As you go on reading about those who’ve made a huge impact on our lives, you’ll also observe some of the people they’re inspired by and some people they collaborate with.  By all means, connect with these people on social media.  Make an attempt to find out what they’re working on.  At this stage, start forming a strong idea of how your strengths (you know your personality type, your strengths, skills, weaknesses and what you love to do) can contribute to projects that you’re finding yourself getting excited about.

3. Get Personal

You will get rejected and you will have good and bad interactions with others in your pursuit of strengthening your personal or business brand on social media.  Let all of these interactions be a lesson to you.  Do not be afraid to be vulnerable.  Reveal any weaknesses you felt and how you could improve for next time.  Think and express these thoughts on social media in a way that can help others express themselves and objectives better.

4. Get over yourself

I love to throw in the random Prince reference.  If you haven’t seen Purple Rain, check it out ASAP.  In the movie, Prince is a real dickhead.  He bullies his band mates and refuses to look at the songs they write (even though they’ve just written Purple Rain).  He strokes his own ego by literally jerking off on stage with his guitar.  Don’t be that guy.  Write stuff that will be meaningful to others and that also brings me to my next point.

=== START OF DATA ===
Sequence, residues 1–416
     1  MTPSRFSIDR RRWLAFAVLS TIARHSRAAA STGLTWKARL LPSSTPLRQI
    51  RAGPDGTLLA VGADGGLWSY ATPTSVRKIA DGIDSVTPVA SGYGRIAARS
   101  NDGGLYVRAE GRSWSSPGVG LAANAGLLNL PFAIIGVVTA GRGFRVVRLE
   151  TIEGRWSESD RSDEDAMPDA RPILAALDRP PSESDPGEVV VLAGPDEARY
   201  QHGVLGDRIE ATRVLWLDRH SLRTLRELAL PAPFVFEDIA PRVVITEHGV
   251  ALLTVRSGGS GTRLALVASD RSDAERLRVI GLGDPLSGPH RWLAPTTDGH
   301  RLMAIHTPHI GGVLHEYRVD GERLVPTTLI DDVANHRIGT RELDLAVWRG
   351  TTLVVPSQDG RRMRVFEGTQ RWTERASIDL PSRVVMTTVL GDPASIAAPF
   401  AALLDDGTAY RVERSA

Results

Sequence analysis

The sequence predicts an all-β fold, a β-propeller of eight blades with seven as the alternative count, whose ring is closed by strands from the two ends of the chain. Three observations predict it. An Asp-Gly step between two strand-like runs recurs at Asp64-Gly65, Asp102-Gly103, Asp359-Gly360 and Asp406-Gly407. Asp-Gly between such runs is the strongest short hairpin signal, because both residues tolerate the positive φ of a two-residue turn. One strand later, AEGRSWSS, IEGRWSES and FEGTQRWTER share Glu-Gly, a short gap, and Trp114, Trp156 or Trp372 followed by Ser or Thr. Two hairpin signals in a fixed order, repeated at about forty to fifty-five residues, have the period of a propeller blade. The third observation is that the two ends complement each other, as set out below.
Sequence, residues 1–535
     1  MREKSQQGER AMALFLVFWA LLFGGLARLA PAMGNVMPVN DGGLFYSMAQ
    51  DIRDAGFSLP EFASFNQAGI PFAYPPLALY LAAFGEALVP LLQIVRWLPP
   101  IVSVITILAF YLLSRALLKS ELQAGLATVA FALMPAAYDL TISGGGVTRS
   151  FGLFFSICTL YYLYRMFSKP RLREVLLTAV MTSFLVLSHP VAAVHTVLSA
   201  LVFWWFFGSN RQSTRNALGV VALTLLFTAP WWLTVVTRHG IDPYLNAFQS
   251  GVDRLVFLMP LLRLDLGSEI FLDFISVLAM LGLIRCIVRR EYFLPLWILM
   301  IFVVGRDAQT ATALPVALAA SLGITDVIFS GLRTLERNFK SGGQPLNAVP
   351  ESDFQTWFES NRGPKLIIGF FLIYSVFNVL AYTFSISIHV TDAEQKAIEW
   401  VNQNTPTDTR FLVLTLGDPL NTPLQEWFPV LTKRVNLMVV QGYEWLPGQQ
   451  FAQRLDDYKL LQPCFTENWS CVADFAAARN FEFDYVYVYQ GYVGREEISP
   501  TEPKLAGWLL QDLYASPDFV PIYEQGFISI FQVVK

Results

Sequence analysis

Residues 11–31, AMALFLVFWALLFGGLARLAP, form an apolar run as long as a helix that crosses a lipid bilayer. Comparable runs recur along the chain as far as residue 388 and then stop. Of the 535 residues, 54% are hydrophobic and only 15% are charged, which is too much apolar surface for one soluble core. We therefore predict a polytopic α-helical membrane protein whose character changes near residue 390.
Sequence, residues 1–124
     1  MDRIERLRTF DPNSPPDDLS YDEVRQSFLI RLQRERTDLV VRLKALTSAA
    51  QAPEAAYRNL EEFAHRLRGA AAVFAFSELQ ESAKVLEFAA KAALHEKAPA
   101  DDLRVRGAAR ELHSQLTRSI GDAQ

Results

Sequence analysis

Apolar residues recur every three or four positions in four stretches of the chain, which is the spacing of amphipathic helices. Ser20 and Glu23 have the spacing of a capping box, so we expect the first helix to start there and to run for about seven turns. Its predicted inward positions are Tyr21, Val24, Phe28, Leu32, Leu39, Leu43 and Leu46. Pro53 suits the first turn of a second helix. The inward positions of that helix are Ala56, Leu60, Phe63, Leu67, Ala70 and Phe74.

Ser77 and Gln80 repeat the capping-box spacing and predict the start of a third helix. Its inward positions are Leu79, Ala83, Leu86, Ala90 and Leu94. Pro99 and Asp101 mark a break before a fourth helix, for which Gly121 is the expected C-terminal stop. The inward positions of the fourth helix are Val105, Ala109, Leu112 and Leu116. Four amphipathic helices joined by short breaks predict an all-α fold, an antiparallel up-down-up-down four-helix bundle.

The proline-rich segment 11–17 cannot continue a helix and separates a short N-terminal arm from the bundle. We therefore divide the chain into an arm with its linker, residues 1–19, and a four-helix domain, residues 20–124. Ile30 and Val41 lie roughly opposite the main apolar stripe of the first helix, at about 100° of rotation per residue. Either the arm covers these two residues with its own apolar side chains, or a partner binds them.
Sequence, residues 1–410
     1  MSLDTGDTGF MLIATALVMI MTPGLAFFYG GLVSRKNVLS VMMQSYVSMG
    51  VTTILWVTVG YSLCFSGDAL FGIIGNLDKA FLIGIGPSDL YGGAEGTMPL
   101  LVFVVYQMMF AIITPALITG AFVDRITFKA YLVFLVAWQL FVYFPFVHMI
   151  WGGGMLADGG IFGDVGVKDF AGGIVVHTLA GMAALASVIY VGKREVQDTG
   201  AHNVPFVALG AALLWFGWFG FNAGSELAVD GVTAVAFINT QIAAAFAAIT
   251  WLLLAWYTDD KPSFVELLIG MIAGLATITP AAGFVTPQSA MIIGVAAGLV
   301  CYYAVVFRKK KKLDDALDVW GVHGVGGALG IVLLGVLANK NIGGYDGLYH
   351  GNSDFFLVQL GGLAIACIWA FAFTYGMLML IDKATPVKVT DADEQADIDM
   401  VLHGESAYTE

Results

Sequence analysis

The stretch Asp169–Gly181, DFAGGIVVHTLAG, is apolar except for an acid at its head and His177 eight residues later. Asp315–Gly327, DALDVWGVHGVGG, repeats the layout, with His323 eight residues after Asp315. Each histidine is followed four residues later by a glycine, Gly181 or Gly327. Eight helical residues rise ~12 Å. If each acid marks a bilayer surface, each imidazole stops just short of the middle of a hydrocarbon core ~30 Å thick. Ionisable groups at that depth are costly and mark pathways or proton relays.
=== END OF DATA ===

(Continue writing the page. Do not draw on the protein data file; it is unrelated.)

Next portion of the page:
5. Seek collaboration

There are people out there who are possibly doing a better job than you are.  Acknowledge and seek collaboration opportunities with them.  You will learn so much by working within a team.  Yeah, yeah, creating and being an artist is a solitary profession, but consider this, David Bowie is known to have brought out the best in the musician he’s worked with, so seek people who have a knack for bringing out the best in you, and do great work together.

6. Accept that sometimes your less inspired work will be rewarded

I will throw in another David Bowie reference here, my apologies.  I’m somewhat obsessed with his career.  You will also find that sometimes your most inspired work will not be the one that gets the most amount of attention or attracts the most funding.  Ziggy Stardust was truly inspired stuff, as was Thin White Duke, but when we talk about David Bowie’s commercial success, that peaked with Let’s Dance, an album that David Bowie does not consider to be his most inspired work.  Such is life.

7. Never stop exploring

No matter how many goals you’ve kicked, how many followers you’ve got, who you know, etc… there’s always got to be something you’re striving for, otherwise you might be on your way out.  Find some way to always have something to look forward to.  You can.